Monday, April 11, 2011

Leading by example

Finally, my own review:

Jesus of Nazareth: Holy Week: From the Entrance Into Jerusalem To The Resurrection
by Pope Benedict XVI

It is not Pope Benedict's way, to the disappointment of some traditionalists, to issue anathemas denouncing the kind of biblical scholarship that seeks to explain away the Christian story in secular terms - Jesus as a great teacher (only) whose followers built legends around him, and so forth. He gives due recognition to the exegetical fruits yielded by historical-critical method, but also sees the method as limited and essentially exhausted. Instead, he advocates a different approach, one that reads the Bible in the spirit in which it was written and read, as the early Church Fathers read it, with an eye to the future as well as the past, with the eyes of faith as well as with full critical intelligence.

Rather than simply calling for a certain kind of approach to biblical scholarship, Benedict leads by example. He has produced a work of stunning scholarship and deep faith, that nevertheless amply repays careful reading and re-reading by Christians of all kinds and levels of scholarly expertise.

At the same time, with its careful consideration of the views of (especially) German scholars and exegetes, this is not a quick read. But hang in there, it gets more personally engaging in the second half. I read it right after reading Brant Pitre's stunning book, Jesus and the Jewish Roots of the Eucharist: Unlocking the Secrets of the Last Supper, which turns out to be a great preparation for reading this work. Both books situate the Christian story in its historical Jewish context and show how almost every recorded word and action of Jesus of Nazareth draws on, quotes, or is foreshadowed by Scripture - the Torah, the Psalms, the Prophets - as well as by Jewish custom and tradition.

I have also been reading a very different work by another great theologian of whom Benedict has spoken with enormous admiration - Hans Urs von Balthasar's Mysterium Paschale: The Mystery of Easter. The two books could not be more different. Balthasar was not a biblical scholar like Ratzinger and on the other hand he gives great theological weight to Christ's going to the dead ("He descended into hell") between his death and Resurrection - something that the pope, surprisingly, does not mention. In any case, the pope's book is by contrast simply written, historically grounded, and accessible (with a little effort) to Christian readers of all kinds.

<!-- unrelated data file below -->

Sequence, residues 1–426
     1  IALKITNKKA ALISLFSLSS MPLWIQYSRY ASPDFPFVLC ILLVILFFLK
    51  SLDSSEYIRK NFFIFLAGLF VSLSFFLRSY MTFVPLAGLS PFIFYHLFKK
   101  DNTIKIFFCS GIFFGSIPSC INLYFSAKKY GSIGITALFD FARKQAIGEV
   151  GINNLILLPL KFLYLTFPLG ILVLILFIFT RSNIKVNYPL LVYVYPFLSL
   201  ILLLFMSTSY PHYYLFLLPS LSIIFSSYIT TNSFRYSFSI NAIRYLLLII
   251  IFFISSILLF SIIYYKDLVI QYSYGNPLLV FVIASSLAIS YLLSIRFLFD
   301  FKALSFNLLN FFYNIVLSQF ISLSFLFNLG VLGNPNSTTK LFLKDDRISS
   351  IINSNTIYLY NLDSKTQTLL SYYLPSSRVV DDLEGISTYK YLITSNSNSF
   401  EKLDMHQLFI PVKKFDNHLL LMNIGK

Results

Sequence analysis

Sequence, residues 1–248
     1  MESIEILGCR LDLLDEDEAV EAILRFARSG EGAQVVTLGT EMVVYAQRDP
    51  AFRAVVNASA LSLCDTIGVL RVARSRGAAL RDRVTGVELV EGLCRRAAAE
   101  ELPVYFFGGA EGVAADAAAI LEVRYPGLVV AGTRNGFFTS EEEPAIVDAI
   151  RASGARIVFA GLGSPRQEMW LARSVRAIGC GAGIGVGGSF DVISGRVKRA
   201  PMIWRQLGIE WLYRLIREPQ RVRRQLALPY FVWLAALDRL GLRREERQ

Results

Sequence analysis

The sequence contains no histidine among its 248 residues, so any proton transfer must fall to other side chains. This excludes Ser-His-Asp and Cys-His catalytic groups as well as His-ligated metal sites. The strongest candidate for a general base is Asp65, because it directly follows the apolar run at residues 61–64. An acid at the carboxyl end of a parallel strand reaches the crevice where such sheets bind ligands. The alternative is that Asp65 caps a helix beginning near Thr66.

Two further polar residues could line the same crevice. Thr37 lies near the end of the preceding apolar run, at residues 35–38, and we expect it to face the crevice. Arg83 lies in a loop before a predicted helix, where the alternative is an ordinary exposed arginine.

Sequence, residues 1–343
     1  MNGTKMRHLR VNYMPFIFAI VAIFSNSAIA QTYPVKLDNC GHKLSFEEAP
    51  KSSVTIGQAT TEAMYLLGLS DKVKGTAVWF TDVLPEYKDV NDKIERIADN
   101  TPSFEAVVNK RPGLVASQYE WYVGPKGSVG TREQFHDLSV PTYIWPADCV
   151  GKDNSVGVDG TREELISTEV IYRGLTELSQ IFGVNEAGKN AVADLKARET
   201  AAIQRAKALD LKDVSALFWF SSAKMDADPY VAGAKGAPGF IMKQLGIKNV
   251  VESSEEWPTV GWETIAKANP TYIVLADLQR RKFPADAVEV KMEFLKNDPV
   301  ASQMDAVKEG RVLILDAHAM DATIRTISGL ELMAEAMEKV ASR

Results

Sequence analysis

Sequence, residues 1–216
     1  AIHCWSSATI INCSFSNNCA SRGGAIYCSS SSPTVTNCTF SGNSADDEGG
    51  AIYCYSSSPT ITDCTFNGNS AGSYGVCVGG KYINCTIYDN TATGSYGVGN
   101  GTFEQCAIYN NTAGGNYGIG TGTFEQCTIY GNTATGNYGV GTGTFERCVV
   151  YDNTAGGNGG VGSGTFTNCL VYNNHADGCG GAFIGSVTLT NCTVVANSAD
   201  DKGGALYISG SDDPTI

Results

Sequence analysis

A reader who has watched how Pope Benedict has come under hostile fire from the media and denunciation from anti-Christians, anti-Catholics, and dissident Catholics for most of his career, cannot but marvel at the tone of this book. As Pope Benedict XVI, Joseph Ratzinger at age 84 now leads a Church of more than a billion members that is undergoing in the West twin crises of secularizing ("beige Catholicism" or "cafeteria Catholicism") and scandal. His field of scholarship, biblical exegesis, has been beset for more than a century by attempts to question and discredit every tenet of Christian faith as taught by the Church.

So it seems a small miracle that the book was written at all in the midst of these storms. Even more extraordinary is the serenity and humility that suffuse every page. Even the most outrageous exegesis is discussed calmly and the most dismissive objections to the Christian narrative are fairly stated and discussed. Benedict is a man of intellectual brilliance and deep faith and on both accounts is not easily rattled. He shows by example, not only how biblical scholars should move forward on a sounder basis than in recent centuries, but also how faithful Christians can engage their critics charitably and without defensiveness.

The book ends in a way that goes some way to explain how he does it. Its final word is surely at the heart of the New Testament as well as in the hearts of the Church's great saints and martyrs. In that final paragraph, the pope addresses the question of why the disciples are joyful rather than sad at the Risen Lord's leaving them. Discussing Luke's account of the Ascension, which has Jesus stretching out his hands over the disciples in blessing as he departs from them, the pope comments:

"In departing, he comes to us, in order to raise us up above ourselves and to open up the world to God. That is why the disciples could return home from Bethany rejoicing. In faith we know that Jesus holds his hands stretched out in blessing over us. That is the lasting motive of Christian joy" (p. 293).

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